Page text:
Take five: “Access to certain services has been diminishing as a result of public-private partnerships”
Date: Wednesday, February 20, 2019
This story was originally published on UN Women's regional website for Asia and the Pacific.
Gerifel Cerillo is the coordinator of Tanggol Bavi, the Association of Women Human Rights Defenders in the Philippines. In February 2019 she attended the Regional Civil Society Strategizing Workshop in Bangkok for the 63rd Session of the Commission on the Status of Women and Beijing +25 Review. This year’s CSW is focused on social protection systems, access to public services and sustainable infrastructure. Cerillo’s organization works mostly with the urban poor in and around Manila, where infrastructure problems place a burden on women.
How does infrastructure impact women’s rights?
Let’s take public transportation as an example, like the commuter trains serving Manila. The majority of commuters are in the informal sector, and that includes a vast majority of women. On a daily basis, these women have to wake up at 4 a.m. in order to make sure the chores are done in time for them to be at the train station by 5 a.m. It takes around an hour to get a place on a train, and then another two hours to get to work by 8 a.m. Then in the evening they do it all again to get back home and take care of the children. The inefficiency of the transportation system hits women harder because of their domestic duties.
Have public-private partnerships helped in addressing this?
This is what the new trains – and higher fares – were supposed to help fix. The promise of public-private partnerships is supposed to be providing efficient and low-cost services, right? In reality, it has actually decreased the access of women to services and made life difficult for them.
The Philippine Government set up a public-private partnership with Chinese and other firms to refurbish the commuter train network. The contractors have been paid billions yet almost none of the work has been done, and the small amount that has been done has been done badly. In fact, when the rolling stock was delivered by the Chinese firm, the gauge did not even fit the tracks! So, it has been put in a storage somewhere. Of course, this was after it was paid for with taxpayers’ money.
There is no accountability mechanism. The Senate has said there will be an investigation, but after media attention died down there has been very little on this. Nobody knows what is happening now.
Is there any role for public-private partnerships in infrastructure and women’s rights then?
I’m a bit skeptical of the private sector role in this context. The trend of private companies is always to put profit first, ahead of the welfare of women, and of people in general. I have not seen anything different here. They still do not take their commitments seriously in terms of empowering women and moving forward with women’s rights. What we have actually seen is a worsening environment for women, in the sense that their access to certain services has been diminishing as a result of public-private partnerships.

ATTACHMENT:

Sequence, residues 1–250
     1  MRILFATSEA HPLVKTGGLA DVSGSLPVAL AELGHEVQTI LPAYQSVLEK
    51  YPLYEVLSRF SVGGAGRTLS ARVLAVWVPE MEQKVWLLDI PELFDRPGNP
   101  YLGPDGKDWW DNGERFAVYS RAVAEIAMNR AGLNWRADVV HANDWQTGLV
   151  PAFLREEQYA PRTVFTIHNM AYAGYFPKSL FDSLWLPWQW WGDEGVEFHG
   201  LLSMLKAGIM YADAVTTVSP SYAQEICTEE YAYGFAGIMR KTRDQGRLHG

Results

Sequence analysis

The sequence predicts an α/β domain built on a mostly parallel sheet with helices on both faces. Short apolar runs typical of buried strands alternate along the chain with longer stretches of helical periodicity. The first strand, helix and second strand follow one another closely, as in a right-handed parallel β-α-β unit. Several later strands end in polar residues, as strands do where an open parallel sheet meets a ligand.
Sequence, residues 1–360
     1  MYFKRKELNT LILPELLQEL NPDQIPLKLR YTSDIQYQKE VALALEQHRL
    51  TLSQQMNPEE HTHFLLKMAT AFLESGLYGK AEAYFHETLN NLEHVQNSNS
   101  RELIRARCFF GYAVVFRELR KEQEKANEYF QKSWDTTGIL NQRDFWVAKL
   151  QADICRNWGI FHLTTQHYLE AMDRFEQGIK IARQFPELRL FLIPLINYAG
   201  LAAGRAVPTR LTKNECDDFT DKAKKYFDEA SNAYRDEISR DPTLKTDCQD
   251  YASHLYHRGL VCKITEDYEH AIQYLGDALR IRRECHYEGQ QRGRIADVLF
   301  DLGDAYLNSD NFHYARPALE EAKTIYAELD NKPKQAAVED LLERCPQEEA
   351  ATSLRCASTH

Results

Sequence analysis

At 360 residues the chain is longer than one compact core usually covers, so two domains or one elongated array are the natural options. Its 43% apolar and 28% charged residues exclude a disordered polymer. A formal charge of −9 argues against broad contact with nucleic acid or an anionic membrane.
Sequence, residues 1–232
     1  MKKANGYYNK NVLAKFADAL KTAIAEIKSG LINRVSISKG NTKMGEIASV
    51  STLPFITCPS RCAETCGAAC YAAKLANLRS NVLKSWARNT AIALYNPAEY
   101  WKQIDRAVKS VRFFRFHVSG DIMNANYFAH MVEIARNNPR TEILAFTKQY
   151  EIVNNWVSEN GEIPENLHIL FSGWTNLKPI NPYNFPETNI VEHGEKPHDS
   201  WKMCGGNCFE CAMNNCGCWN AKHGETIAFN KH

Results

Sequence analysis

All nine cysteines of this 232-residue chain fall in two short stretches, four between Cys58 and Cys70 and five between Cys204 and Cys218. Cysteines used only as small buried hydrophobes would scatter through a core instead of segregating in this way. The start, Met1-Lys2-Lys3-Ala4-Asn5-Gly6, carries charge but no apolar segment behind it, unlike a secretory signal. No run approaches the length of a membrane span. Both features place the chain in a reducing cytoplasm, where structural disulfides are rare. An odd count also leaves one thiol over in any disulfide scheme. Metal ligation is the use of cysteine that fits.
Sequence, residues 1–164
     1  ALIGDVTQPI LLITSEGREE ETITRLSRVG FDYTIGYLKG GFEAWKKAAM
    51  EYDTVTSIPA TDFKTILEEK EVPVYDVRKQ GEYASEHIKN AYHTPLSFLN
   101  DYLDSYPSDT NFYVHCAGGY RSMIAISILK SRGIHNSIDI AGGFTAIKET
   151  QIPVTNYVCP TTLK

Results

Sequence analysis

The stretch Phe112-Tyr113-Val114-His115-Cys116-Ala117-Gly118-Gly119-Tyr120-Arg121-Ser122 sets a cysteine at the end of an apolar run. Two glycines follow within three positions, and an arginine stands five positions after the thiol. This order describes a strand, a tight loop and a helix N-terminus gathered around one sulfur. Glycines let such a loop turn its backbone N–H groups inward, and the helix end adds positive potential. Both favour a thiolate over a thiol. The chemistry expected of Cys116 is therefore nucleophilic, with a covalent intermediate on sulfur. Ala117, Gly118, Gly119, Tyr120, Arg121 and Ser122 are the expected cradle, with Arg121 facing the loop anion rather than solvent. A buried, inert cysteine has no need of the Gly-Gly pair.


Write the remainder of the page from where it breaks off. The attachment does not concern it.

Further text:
If public services must be privatized, then I lean towards greater government control and regulation, or at least some accountability mechanism. Because honestly, from what we have seen of their involvement, at least in the transportation sector, has only been corruption, with no work delivered or any improved efficiency for commuters at all. Only greater cost.
What are you looking to achieve through the CSW 63 preparation process?
My bias is urban poor women. I want to see more attention given to their everyday needs and experiences. I want more attention given to how policies in the name of economic growth have had adverse impacts in their lives and their access to public services.
At the UN level, there have already been debates regarding the effectiveness of public-private partnerships. However, there needs to be more input from the real experiences of urban poor women. There should be a specific recommendation that explicitly says that certain services – such as education, health and yes, probably mass transport as well – should be pushed forward by the Government, at least primarily, and not necessarily by the private sector.
What prompted you to get involved in this area of work, personally?
I was an activist since I was in university, a bit progressive and quite critical. As a student, I bought food from the street stalls and came to know some of the vendors. One of the vendors was 64-year-old lady who had been working for more than 30 years. I asked her about retirement and she replied that in her line of work you do not get to retire, you don’t even have time to get sick! That was the exact moment when the light bulb came on for me, I thought things cannot go on like this; this lady deserves some reprieve from all her hard work as a citizen, as a human, as a woman. I decided then that this was something I wanted to fight for.